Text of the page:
There are many little amps that claim to be “Class-T” (a kitschy, propriety name for Tripath’s Class-D amp chips and accompanying feedback control circuitry) or “better”, come in the same extruded aluminum enclosure, have conspicuously similar brand names and model numbers, and seem to be purposely difficult to tell apart. Googling around, you can find years and years of narrow comparisons and speculation. I got tired of reading through conflicting information and run-around, so I bought a bunch of them to tear apart and do a fair comparison.
- Amplifiers Reviewed
- 1% THD @ 40Hz, JBL LX-22 Speakers
- Old Raw Data, Pioneer HPM-150 Speakers
- Individual Breakdown
|Amp||TL;DR||Teardown & Testing|
|Lepy LP-2051||Driven by the Tripath TK2051 as opposed to the more common TA2020-020, this is the most powerful of the bunch. If you’re looking for clean power and don’t mind the 19V power supply, it’ll be hard to find a better value for your ~$40.|
|Lepai LP-2020TI||This is the one Parts-Express claims is the true successor to the Lepai LP-2020A+. Powered by the TI TPA3118. The power handling is good, but magical presence the Tripath brings just isn’t there with the TI heart.|
|Kinter K2020A+||In my opinion, this is the true successor to the Lepai LP-2020A+. It sounds slightly better than even the original. Powered by the Tripath TA2020-020. At ~$40, it’s a bit steep, but probably still worth the cost if you’re looking for a 12V Tripath.|
|Lepy LP-2024A+||Considering the model number, I expected this one would have a Tripath TA2024, but it turns to have a TAA2008. Objective performance just barely beats the Lepai LP-2020A+, but it doesn’t really matter since neither one is on the market anymore.|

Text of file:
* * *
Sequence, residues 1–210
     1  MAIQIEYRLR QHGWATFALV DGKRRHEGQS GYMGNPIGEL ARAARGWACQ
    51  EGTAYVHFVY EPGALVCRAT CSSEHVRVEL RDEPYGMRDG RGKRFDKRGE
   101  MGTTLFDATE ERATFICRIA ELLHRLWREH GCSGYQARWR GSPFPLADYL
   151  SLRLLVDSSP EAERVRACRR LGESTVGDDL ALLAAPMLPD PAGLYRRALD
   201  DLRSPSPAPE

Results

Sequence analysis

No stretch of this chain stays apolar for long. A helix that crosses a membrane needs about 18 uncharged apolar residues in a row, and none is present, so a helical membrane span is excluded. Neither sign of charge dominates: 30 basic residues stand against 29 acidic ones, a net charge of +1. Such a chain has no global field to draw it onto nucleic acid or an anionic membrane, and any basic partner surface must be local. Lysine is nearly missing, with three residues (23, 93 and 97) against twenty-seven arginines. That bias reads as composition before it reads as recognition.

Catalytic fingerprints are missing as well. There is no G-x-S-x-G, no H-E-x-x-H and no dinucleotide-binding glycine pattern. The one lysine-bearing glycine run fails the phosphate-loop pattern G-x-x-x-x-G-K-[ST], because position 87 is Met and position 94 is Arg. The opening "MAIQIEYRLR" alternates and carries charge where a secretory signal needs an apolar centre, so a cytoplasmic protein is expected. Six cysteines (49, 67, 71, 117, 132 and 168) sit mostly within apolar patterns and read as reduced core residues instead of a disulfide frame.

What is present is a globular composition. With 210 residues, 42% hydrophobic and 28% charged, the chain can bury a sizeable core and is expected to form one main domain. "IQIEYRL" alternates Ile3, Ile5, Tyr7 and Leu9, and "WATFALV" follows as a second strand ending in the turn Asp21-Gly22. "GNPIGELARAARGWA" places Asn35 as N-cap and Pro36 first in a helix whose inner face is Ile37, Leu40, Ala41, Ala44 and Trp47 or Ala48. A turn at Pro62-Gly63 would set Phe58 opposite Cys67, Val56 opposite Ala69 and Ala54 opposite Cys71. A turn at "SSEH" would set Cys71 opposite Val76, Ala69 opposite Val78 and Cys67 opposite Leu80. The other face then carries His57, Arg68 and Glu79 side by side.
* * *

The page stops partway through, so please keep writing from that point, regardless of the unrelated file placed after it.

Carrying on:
|Lepai LP-2020A+||The mini-amp that started the craze. Great sound at a great price, but you simply can’t find them anymore. Powered by the legendary Tripath TA2020-020.|
|Lepy LP-2020A||Powered by the Yamaha YDA138, this one falls short on magic. With some component replacement it’s potentially possible for this to be an quality amp, but as-shipped, steer clear.|
|Lvpin LP-2020A+||So far as I can tell, this is an exact copy of the Lepai LP-2020A+. It sounds identical to my ears. Powered by the legendary Tripath TA2020-020. At ~$10, you can’t really go wrong. Buy two and wear them like shoes.|
|Pyle PFA200||Pretty similar to the Lepy LP-2020A above. Unknown amp chips with obscured labeling. Doesn’t feel like “Class-T” as the marketing wank claims.|
|Lepy LP-V3S||Supposedly based around the Toshiba TA8254, I’m expecting this to be pretty similar to the Lepy LP-2020A. Ordered in May 2018 – Full review coming soon.|
1% THD @ 40Hz, JBL LX-22 Speakers
|Amplifier||Input Voltage||Input Current||Input Power||Volume||Output Voltage|
Old Raw Data, Pioneer HPM-150 Speakers
|Amplifier||Channel||Frequency||Waypoint||Sound Pressure (Volume)||Vrms|
|Lepy LP-2020A||Left||1kHz||50% Volume||64dB|
|Lepy LP-2020A||Left||1kHz||Audible Distortion||82dB|
|Lepy LP-2020A||Left||1kHz||1% THD||84dB|
|Lepy LP-2020A||Left||1kHz||100% Volume||89dB|
|Lepy LP-2020A||Left||40Hz||50% Volume||64dB|
|Lepy LP-2020A||Left||40Hz||Audible Distortion||85dB|
|Lepy LP-2020A||Left||40Hz||1% THD||87dB|
|Lepy LP-2020A||Left||40Hz||100% Volume||88dB|
|Lepy LP-V3S||Left||1kHz||50% Volume||69dB||1.4V|
|Lepy LP-V3S||Left||1kHz||Audible Distortion||84dB||6.5V|
|Lepy LP-V3S||Left||1kHz||1% THD||86dB||8.7V|
|Lepy LP-V3S||Left||1kHz||100% Volume||90dB||10.8V|
|Lepy LP-V3S||Left||40Hz||50% Volume||71dB||1.1V|
|Lepy LP-V3S||Left||40Hz||Audible Distortion||88dB||8.4V|
|Lepy LP-V3S||Left||40Hz||1% THD||88dB||8.4V|
|Lepy LP-V3S||Left||40Hz||100% Volume||90dB||10.3V|
|Amplifier Chip||Tripath TA2020-020|
|Availability||~$10 on Amazon|
|Face Text||Lvpin Stereo Class-T Digital Audio Amplifier|
|Board Text||LVPIN LP-2020A+ 20150801 caiyun.name|
|Right Channel||Bottom White Jack|
|Left Channel||Top Red Jack|
|Input Power Label||DC12V2A|
|Included Power Supply||DC12V3A|